And so, as the years passed, Chunda swept and meditated and thought deeply. He found he did not have to memorize scriptures as the other monks did, for teachings seemed to arise from within. After a time, he became known as one of the wise and gentle teachers of Buddhism, affectionately called “Chundaka, the Broom Master.” He lived a long and happy life. And for many years people journeyed to the monastery from distant places, not just to hear from the learned monks, but to listen especially to Chundaka, the Broom Master. He was their favorite, loved for his very simple, yet very wise sayings.
In traditional China, painting was revered as “silent poetry,” while poetry was seen as “painting with sound.” Both art forms found expression through the medium of calligraphy, which was considered the “art of handwriting.” Scholars and artist-scholars incorporated calligraphic brushstrokes into their paintings, viewing their artworks as vehicles for self-expression. Consequently, painting was not only regarded as an art form of equal purity and lyricism to poetry and contemplative thought but also as a means to evoke sensory experiences, emotions, and a holistic engagement with the world.
For Western observers, it may be intriguing why Chinese artists incorporate writing in their paintings and what significance the characters hold. By examining some of H.H. Dorje Chang Buddha III’s paintings, we can gain insight into these questions and witness the embodiment of the concept known as the “Three Perfections.” This concept represents the harmonious fusion of fine painting, poetry, and calligraphy within a single artwork.
This painting, titled “Song of the Waves in the Three Gorges,” beautifully captures the grandeur of splash-ink technique alongside the charm of water and ink colors. Its overall tone carries a weighty presence. The brushwork employed in this artwork evokes a powerful sense of momentum, lively charm, and a vividness akin to the scene of a long, flowing river just passing by. The inclusion of a few small sailboats adds elegance to the water scene as they gracefully navigate through it. The combination of the mighty river and awe-inspiring mountains, enveloped in mist and holding sacred spaces, has a purifying effect on one’s emotions. This painting possesses a quality that is reminiscent of both poetry and calligraphy.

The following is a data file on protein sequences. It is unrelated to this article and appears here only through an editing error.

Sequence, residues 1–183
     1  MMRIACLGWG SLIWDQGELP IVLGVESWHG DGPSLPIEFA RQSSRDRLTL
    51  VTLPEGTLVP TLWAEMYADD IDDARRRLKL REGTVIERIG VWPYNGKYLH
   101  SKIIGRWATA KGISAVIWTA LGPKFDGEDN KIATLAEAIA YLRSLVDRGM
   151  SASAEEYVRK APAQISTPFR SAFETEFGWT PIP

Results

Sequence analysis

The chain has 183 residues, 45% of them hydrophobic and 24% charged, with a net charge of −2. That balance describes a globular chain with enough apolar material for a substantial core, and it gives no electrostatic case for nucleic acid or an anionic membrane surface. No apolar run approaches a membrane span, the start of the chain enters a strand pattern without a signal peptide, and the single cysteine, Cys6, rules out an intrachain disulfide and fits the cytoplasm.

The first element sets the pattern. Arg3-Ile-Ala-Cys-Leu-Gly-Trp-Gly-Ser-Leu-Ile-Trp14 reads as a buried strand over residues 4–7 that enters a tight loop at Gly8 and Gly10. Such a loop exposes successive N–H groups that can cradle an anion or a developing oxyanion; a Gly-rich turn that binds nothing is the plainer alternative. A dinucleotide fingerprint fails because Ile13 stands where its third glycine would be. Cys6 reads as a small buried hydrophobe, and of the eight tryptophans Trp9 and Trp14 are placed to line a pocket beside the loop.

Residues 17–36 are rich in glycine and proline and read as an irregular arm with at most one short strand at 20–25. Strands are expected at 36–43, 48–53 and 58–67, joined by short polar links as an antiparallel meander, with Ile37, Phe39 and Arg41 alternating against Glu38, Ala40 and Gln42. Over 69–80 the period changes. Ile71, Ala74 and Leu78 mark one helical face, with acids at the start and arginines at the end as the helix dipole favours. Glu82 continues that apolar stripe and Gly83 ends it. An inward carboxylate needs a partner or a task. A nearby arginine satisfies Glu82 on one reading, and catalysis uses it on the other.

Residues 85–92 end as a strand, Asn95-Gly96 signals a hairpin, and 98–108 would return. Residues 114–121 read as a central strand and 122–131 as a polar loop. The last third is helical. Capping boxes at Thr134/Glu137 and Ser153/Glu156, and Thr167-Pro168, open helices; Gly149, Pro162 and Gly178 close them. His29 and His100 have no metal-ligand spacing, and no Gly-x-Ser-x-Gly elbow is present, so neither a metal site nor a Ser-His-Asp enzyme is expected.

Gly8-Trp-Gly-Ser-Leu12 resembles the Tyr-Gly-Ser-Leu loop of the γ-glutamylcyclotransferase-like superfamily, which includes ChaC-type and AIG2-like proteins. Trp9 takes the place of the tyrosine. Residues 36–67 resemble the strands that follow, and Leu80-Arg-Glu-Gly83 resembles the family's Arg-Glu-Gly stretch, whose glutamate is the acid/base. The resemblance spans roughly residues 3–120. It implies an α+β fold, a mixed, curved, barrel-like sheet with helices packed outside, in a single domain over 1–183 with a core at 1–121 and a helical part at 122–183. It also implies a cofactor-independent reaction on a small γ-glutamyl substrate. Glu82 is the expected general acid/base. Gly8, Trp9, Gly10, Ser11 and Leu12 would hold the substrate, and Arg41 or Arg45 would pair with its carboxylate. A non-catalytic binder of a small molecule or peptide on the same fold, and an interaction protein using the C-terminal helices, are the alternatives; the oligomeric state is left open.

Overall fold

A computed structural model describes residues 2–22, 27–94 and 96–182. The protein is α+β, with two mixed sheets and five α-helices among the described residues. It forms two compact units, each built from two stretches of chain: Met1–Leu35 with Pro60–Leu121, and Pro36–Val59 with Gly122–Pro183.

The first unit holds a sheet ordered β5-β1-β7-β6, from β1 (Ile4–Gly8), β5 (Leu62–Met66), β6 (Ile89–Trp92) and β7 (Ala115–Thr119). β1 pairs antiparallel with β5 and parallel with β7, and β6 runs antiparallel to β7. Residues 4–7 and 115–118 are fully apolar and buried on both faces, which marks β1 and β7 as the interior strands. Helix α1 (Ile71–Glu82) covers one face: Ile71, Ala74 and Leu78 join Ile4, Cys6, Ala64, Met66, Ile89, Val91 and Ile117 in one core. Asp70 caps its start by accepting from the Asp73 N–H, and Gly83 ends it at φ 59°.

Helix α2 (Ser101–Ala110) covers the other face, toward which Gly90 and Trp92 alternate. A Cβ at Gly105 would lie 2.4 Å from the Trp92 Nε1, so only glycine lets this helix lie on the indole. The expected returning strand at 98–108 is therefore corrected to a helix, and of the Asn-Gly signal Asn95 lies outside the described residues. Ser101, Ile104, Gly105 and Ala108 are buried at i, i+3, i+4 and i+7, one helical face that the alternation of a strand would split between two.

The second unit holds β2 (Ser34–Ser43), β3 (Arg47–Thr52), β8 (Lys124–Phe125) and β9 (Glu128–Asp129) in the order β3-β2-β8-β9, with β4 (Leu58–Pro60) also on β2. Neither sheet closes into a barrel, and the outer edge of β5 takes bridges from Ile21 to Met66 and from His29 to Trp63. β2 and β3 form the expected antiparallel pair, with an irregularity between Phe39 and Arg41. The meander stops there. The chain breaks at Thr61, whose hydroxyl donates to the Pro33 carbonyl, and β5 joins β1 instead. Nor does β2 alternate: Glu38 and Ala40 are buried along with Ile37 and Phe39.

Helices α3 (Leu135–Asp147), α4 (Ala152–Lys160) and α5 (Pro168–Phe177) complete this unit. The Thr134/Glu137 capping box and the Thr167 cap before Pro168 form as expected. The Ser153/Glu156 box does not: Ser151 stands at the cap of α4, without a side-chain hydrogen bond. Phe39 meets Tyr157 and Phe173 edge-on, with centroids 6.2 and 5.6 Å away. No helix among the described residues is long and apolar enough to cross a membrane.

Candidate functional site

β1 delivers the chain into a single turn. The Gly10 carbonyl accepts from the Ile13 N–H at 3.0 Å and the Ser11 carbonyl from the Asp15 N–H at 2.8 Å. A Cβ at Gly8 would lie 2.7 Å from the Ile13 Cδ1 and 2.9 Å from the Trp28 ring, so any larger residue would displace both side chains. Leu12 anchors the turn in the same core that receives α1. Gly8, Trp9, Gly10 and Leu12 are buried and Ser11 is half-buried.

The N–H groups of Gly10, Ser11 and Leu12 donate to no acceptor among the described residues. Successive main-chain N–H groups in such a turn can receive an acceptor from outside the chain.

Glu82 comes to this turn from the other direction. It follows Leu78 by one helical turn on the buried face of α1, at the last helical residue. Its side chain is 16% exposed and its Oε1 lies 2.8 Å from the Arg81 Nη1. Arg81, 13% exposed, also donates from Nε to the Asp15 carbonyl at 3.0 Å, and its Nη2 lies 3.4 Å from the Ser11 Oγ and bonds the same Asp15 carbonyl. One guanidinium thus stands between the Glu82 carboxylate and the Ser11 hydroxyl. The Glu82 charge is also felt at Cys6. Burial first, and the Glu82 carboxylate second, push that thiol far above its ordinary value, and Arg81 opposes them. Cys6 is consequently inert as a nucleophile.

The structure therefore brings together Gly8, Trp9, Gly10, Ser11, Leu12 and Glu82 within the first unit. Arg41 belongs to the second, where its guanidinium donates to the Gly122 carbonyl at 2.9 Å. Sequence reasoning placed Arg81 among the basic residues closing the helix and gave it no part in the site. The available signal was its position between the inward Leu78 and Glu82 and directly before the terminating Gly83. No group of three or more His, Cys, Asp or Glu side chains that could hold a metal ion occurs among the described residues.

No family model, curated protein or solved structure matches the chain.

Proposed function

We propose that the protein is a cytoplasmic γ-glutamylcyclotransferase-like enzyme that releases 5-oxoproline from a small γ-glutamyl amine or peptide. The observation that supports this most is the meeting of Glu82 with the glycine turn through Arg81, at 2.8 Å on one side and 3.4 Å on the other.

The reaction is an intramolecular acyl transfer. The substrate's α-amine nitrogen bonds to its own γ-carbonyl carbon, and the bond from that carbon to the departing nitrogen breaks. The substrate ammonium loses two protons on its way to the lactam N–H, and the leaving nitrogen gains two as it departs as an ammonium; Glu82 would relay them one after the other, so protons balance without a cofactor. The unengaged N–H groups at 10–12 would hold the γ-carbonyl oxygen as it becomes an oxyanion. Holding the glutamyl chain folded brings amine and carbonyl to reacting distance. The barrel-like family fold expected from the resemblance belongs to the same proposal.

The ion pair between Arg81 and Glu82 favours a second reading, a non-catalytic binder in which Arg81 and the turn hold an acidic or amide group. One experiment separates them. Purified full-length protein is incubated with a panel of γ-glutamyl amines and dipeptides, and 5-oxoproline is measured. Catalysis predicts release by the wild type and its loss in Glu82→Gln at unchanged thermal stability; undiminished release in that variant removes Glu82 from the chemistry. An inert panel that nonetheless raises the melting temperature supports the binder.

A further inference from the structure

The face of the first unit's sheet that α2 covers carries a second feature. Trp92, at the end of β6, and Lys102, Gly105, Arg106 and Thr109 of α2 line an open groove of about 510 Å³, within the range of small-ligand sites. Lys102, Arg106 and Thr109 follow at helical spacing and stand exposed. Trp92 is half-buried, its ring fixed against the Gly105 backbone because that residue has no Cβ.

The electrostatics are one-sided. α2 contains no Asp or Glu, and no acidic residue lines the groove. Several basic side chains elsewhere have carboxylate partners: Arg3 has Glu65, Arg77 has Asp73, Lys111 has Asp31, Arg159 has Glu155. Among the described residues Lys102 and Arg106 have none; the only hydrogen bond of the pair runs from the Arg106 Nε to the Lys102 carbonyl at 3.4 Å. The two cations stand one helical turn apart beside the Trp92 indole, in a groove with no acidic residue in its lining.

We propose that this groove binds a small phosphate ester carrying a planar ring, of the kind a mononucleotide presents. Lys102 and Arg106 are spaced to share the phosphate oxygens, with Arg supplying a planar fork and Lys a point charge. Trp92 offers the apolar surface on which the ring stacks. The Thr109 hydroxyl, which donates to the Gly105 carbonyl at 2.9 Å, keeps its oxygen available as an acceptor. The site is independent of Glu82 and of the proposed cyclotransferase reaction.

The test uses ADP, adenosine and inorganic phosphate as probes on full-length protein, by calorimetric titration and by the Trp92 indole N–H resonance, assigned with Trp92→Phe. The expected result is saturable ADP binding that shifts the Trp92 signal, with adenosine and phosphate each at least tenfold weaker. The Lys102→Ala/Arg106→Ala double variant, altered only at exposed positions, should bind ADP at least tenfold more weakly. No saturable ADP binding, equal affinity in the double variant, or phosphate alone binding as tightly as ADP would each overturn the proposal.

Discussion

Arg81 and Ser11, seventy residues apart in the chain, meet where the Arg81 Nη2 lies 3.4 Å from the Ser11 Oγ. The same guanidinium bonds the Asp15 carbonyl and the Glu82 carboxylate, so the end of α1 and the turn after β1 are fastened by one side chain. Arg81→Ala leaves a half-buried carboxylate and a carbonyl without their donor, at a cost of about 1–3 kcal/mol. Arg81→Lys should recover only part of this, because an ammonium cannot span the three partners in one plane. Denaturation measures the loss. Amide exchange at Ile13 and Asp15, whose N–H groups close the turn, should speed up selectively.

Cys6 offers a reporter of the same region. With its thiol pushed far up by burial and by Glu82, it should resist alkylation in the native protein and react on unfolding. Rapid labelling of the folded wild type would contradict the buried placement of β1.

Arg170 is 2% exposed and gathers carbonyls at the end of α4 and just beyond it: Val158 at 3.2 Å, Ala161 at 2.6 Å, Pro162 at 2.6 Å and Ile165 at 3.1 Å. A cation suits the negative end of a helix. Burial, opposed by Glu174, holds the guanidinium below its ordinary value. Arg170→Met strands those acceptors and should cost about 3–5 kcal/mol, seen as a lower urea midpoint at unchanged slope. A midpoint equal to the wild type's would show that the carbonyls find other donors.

Notably, H.H. Dorje Chang Buddha III has inscribed an elegant Chinese poem onto this painting, which can be translated as follows: “The song of waves echoes in the gorge. Hanging colors of rocky cliffs burst with charm. A few cloudy, misty mountains reveal shades of blue. The vast water’s melody sets the sails in motion.” This poem aptly captures the beautiful and misty landscape of the Three Gorges, where the water and sky harmoniously blend, and human emotions become intertwined with the scenery. This painting serves as an artistic paragon, showcasing the mastery of poetic, calligraphic, and painting skills.
This remarkable painting showcases a rare combination of splash-ink and splash-color techniques, displaying the artist’s bold and skillful brushwork. The resulting natural effect achieved through these techniques is truly indescribable. Within the bold and dynamic brushstrokes, one can discern countless intricate details and traces of charm emerging from the flowing watery ink.
The painting depicts a scene of mountains and water during the approaching dusk, conveying a profound message. The poem imparts the wisdom that we should strive to engage in virtuous deeds rather than harmful actions, treating all living beings with kindness and respect. By embodying such a way of life, one can transcend to another realm and grasp the truth of existence beyond the concepts of birth and death. This painting offers a profound contemplation on the purpose and significance of human existence.
The calligraphy in the two art works are executed in a cursive style, known for its swift and dynamic strokes. Cursive writing is often characterized by its rapidity and vitality, effectively conveying the artist’s profound emotions.
I believe many individuals have pondered the following questions deep within their hearts: Why do people exist? Do we live solely for money, status, fame, family, loved ones, or children?
People find meaning in life through various purposes and aspirations. However, what if none of these conventional motivations were present? Would life still hold significance?